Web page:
Ecumenism as Dialogue or Monologue? (Part One: An Overview)

Ecumenism as Dialogue or Monologue? (Part One: Overview)

On the eve of the highly-promoted meeting in Jerusalem between the Ecumenical Patriarch Bartholomew and Pope Francis of the Roman Catholic Church1, this ‘Apostolic Pilgrimage’2 has produced a fair amount of press. Largely positive, media coverage lauds the potential for “a new era”3 in Rome-Constantinople relations, which the 1964 meeting between Ecumenical Patriarch Athenagoras and Pope […]

Iconoclasm: The Heresy of Heresies (Part Two)

Iconoclasm: The Heresy of Heresies (Part 2)

In Franks, Romans, Feudalism, and Doctrine, Fr. John S. Romanides suggests: The schism between Eastern and Western Christianity was not between East and West Romans. In actuality, it was a split between East Romans and the conquerors of the West Romans. By the end of the seventh century, whole areas of the western part of the Roman Empire were […]

Iconoclasm: The Heresy of Heresies (Part One)

Iconoclasm: The Heresy of Heresies (Part 1)

It’s not surprising that iconoclasm persists in contemporary Christian culture, and especially in America. Without a proper understanding of both the Incarnation and the deeper purpose of creation—throughout which God is ‘everywhere present and filling all things’—we are left with a worldview that is distorted. With no emperor or royal family to honor, we venerate celebrities, pornographers, amoral politicians, and […]

Is Orthodoxy a Stagnant Faith?

Is Orthodoxy a Stagnant Faith?

At the conclusion of a recent synaxis of Orthodox hierarchs in Istanbul (March 6–9, 2014), an announcement was made that the local Orthodox churches would gather for a pan-Orthodox synod in the Spring of 2016. At this synod, a number of issues facing the global Orthodox Church will be addressed, and many of them long-coming. […]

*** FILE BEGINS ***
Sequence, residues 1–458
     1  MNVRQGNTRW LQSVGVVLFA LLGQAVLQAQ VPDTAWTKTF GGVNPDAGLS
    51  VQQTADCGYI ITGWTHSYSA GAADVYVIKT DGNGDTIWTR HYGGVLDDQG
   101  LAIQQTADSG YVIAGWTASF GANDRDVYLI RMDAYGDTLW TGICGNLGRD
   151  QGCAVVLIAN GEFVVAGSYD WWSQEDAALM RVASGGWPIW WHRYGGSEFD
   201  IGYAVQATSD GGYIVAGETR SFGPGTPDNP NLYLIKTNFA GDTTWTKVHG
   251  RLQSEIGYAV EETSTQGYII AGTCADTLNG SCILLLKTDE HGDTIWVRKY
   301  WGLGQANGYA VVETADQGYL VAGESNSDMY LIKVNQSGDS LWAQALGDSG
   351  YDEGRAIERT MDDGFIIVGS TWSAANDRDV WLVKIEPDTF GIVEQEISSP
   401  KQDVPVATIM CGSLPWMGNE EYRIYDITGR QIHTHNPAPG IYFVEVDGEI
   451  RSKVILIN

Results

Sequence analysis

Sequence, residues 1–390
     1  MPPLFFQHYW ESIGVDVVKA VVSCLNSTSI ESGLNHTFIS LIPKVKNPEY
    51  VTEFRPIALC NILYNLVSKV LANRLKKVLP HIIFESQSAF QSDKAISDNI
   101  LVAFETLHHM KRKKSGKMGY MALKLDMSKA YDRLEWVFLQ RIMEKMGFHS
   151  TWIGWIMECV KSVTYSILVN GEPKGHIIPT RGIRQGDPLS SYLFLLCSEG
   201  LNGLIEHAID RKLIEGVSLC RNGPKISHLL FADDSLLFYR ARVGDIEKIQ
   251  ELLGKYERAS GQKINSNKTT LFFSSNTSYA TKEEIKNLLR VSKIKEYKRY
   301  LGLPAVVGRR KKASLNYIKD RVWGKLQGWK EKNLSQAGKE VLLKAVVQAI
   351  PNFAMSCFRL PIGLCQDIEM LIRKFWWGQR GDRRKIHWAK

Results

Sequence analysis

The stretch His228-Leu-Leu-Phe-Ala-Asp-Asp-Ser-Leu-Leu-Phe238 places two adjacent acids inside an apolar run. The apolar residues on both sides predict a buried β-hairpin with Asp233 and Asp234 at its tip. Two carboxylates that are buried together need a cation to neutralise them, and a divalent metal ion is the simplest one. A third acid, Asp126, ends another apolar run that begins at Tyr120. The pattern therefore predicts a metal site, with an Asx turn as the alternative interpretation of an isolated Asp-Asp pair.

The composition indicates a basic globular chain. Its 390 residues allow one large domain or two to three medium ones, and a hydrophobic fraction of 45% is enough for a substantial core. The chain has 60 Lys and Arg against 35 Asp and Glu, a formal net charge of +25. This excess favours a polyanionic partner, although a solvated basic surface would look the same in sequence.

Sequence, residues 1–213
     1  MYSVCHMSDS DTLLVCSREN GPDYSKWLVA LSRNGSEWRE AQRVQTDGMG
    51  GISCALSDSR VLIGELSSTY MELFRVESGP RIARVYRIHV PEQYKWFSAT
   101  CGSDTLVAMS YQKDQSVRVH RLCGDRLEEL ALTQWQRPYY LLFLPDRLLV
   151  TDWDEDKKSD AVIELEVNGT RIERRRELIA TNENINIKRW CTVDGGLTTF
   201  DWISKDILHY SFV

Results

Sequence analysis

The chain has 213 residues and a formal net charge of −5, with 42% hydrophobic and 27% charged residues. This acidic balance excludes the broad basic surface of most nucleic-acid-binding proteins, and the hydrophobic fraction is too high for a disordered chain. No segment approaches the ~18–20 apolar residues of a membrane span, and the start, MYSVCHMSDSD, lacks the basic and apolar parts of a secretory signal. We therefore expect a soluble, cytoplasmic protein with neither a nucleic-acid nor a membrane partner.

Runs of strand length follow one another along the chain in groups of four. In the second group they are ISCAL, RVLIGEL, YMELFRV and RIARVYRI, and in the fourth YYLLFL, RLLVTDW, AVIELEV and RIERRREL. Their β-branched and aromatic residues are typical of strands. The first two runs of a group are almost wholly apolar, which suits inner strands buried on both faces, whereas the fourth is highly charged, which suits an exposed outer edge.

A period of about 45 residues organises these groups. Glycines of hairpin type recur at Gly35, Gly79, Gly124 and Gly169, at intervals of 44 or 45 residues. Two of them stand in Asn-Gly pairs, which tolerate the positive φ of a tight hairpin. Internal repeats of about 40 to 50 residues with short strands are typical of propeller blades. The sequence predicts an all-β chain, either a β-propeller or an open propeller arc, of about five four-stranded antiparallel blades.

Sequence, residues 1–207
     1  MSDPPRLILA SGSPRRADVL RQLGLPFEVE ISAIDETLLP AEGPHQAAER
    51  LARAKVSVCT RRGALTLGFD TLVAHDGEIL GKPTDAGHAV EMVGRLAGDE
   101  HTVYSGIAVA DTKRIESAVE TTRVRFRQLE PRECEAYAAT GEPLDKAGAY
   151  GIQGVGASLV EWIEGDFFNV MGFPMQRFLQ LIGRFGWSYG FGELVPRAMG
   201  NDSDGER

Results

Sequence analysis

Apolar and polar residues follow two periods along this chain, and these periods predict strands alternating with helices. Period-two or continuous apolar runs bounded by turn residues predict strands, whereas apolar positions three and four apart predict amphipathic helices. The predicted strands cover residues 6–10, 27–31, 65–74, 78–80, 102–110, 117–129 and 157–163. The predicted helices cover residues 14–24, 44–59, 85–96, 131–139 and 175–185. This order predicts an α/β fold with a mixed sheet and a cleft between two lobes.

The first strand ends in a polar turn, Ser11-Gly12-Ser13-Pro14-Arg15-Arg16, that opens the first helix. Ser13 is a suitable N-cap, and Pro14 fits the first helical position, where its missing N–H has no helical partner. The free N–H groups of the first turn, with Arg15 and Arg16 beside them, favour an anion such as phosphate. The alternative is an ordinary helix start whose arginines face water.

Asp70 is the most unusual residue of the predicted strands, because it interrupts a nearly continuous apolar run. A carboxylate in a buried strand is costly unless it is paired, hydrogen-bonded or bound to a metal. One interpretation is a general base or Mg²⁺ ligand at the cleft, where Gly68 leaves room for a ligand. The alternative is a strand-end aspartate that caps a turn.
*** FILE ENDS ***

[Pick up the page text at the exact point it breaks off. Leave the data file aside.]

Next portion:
The Filioque and Arianism: Was It Really Necessary?

The Filioque and Arianism: Was It Really Necessary?

Was the addition of Filioque to the Nicene Creed necessary to combat Arianism in the West? This is an assertion often made in its defense, but is this really true? Filioque—”and the Son” in Latin—is a phrase later added to the Nicene-Constantinopolitan Creed in Western churches. This Creed or Symbol of Faith has been recited […]

Martin Luther on Mary as Theotokos

Martin Luther on Mary as Theotokos

Like many other Protestant Reformers, Martin Luther had no problem honoring Mary as the ‘Mother of God.’ Following the Ecumenical Council of Ephesus (A.D. 431), he was adamant that Mary be referred to and honored as the Θεοτοκος or ‘Birth-giver of God’ (also, ‘Mother of God’). The importance of this title is chiefly in its […]

The Events of the ‘Great Schism’

The Events of the Great Schism

Ever since the reign of the emperor (Saint) Justinian I (AD 527-565) — who attempted to drive out foreign invaders from the west and reunite the whole of the empire — the east and the west were being driven apart. After the invasion (by the Avars and Slavs) of the Balkan peninsula and the conquest […]

A Summary of the First Seven Ecumenical Councils

A Summary of the First Seven Ecumenical Councils

When the Roman emperor Constantine I converted to the Christian faith (out of gratitude for military victory through what he believed to be divine intervention), the persecution of the religion was put to an end at the Edict of Milan (AD 313) and later made to be the state religion by emperor Theodosius I (AD […]